I don't intend to ride this other than nice days, likely under 85 degrees F. I've dealt with cantankerous British bikes on very hot, humid days. Boiling fuel, etc and won't want to start or will stall at inopportune times. Nope, I'll take one of my other newer, reliable, electric start machines when it's like that. If it's as reliable as my Indian built Bullet has been (surprisingly decent) I'll be happy enough.

I fully drained the sump via the big side plug/screen thing with it tipped over a bit.


1964 RE Interceptor 750, 2007 RE Bullet 500
Joined: Aug 2001
Posts: 9,054
Likes: 162
T
Britbike forum member
Offline
Britbike forum member
T
Joined: Aug 2001
Posts: 9,054
Likes: 162
Originally Posted by tomoil
Castor oil was a popular oil back in the day because it stuck to everything, but only came in 50 weight.

I’ve seen Castrol R30 and R40, but never 50, but then I’ve never lived in a hot place.


Amateur Loctite enthusiast.
Joined: Aug 2006
Posts: 496
Likes: 29
L
Britbike forum member
Offline
Britbike forum member
L
Joined: Aug 2006
Posts: 496
Likes: 29
True castor oil has some unfavorable side effects from what I've read...
#1 it leaves a hard to remove "varnish" in crankcases
#2 according to WW1 pilots, prolonged breathing of the fumes worked as a laxative.


They say every dog has his day..
Trouble is, nobody tells the dog which day it is !

Will work for Guinness , MURPHY's preferred smile
Joined: May 2019
Posts: 1,210
Likes: 458
C
Britbike forum member
Offline
Britbike forum member
C
Joined: May 2019
Posts: 1,210
Likes: 458
Originally Posted by triton thrasher
Originally Posted by tomoil
Castor oil was a popular oil back in the day because it stuck to everything, but only came in 50 weight.

I’ve seen Castrol R30 and R40, but never 50, but then I’ve never lived in a hot place.

Same here. Wonder what the shelf life is on that stuff. These are from long ago..... still feels like 40 and hasn’t solidified yet.

[Linked Image from live.staticflickr.com]76032FB3-0E05-4F0C-8F51-7F800B3B45E5 by First Last, on Flickr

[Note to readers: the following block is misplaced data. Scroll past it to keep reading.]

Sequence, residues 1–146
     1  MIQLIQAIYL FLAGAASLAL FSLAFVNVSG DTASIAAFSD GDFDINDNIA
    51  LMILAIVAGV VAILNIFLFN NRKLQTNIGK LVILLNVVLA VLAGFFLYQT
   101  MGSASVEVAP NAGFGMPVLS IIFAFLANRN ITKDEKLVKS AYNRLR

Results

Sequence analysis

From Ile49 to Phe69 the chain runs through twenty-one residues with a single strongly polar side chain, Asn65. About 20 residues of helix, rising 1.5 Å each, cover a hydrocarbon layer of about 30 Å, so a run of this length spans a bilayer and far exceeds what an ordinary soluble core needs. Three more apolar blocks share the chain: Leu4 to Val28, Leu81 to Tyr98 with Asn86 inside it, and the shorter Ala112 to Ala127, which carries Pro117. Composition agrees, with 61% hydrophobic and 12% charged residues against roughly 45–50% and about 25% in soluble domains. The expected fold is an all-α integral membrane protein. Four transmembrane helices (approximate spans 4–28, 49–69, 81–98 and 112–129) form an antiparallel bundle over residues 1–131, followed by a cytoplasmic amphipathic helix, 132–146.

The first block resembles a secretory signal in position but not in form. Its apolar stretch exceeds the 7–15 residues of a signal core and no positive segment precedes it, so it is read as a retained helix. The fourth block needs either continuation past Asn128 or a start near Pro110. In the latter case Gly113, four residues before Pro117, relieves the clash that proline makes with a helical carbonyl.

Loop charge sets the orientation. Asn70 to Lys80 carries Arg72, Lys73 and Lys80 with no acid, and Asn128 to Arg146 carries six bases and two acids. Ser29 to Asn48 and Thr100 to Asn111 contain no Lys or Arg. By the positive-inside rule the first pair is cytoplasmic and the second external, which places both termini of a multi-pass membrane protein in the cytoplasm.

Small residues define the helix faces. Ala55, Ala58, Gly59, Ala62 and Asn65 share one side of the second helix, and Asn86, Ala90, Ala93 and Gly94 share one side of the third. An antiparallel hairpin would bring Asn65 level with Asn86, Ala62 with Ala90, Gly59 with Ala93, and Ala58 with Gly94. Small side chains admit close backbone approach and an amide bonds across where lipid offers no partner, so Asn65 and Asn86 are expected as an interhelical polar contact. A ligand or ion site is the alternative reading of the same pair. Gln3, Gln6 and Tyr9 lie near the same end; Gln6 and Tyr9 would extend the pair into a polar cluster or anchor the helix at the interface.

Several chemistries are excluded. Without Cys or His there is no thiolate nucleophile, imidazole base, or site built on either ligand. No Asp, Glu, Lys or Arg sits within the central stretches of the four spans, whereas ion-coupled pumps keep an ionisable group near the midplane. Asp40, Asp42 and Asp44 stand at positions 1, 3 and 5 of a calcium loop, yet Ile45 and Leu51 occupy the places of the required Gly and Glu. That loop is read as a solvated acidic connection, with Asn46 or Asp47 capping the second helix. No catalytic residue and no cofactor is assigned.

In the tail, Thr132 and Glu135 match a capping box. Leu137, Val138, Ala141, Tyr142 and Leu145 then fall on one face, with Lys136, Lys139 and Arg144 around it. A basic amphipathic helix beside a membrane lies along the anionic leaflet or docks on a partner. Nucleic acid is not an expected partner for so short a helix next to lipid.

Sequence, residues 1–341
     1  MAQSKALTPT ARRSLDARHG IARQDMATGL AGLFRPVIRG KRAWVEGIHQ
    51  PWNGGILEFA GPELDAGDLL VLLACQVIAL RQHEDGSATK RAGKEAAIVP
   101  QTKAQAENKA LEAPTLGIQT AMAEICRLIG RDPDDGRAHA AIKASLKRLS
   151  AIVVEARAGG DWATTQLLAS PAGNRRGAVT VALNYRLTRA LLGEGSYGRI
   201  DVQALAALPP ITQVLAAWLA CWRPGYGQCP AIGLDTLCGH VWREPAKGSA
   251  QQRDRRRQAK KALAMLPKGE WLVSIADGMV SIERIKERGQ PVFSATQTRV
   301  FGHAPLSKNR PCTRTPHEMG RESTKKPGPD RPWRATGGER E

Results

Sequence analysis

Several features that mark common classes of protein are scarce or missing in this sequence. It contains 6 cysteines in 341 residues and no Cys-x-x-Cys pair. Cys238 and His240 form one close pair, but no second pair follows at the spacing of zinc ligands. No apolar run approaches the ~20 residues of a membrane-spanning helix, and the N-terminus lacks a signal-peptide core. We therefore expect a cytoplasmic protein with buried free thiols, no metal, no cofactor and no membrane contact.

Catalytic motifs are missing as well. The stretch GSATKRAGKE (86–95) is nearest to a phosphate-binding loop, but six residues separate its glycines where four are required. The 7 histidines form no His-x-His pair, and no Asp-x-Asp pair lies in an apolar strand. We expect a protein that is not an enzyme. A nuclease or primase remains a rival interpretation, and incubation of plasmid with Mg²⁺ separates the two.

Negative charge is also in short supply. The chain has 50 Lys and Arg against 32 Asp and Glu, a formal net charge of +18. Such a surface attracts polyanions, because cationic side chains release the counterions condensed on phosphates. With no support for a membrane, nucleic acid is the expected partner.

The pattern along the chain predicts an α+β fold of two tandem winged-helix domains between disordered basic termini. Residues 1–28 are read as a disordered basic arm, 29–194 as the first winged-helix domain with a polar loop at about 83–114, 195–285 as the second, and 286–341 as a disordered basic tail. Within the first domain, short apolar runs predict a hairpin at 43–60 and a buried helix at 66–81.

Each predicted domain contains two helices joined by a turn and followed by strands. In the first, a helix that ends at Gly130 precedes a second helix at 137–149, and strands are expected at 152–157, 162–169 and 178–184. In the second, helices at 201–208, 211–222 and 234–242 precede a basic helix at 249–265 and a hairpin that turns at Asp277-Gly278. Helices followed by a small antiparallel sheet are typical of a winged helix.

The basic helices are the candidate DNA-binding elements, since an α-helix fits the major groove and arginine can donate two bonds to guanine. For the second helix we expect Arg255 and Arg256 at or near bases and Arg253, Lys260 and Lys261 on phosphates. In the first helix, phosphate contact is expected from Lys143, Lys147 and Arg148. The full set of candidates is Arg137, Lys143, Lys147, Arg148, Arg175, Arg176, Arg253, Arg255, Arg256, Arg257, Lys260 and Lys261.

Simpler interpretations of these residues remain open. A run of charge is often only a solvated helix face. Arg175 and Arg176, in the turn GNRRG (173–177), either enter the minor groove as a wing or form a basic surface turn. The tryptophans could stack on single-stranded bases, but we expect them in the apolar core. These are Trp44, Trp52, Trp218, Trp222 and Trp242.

Joined: Aug 2001
Posts: 9,054
Likes: 162
T
Britbike forum member
Offline
Britbike forum member
T
Joined: Aug 2001
Posts: 9,054
Likes: 162
Originally Posted by Cyborg
Same here. Wonder what the shelf life is on that stuff. These are from long ago..... still feels like 40 and hasn’t solidified yet.

[Linked Image from live.staticflickr.com]76032FB3-0E05-4F0C-8F51-7F800B3B45E5 by First Last, on Flickr

Bet you a tenner they haven’t lost their laxative properties.

Prove me wrong!


Amateur Loctite enthusiast.
1 member likes this: Cyborg
Joined: Feb 2019
Posts: 927
Likes: 328
Britbike forum member
Offline
Britbike forum member
Joined: Feb 2019
Posts: 927
Likes: 328
Originally Posted by Dwight V
"Sustained hard use". Judging by the roll bar in that Berkeley I'd say it wasn't being driven down to the shops..
Yes, this photo was taken at the Laguna Seca raceway paddock in 1991. I think it took the poor thing about 2 laps to heave its guts. In the spirit of disclosure, I got roped into this project a year or two later. Extensive oil system revisions followed which put an end to the rod failures and the car became a regular and spirited competitor.


Originally Posted by Dwight V
...I don't intend to ride this other than nice days, likely under 85 degrees ....
Avoid longish freeway runs more than about 10 miles too, basically anything that would thoroughly heat soak the engine and oil. It is a frustration because these bikes have great torque and are fairly long legged so they act like a good highway bike.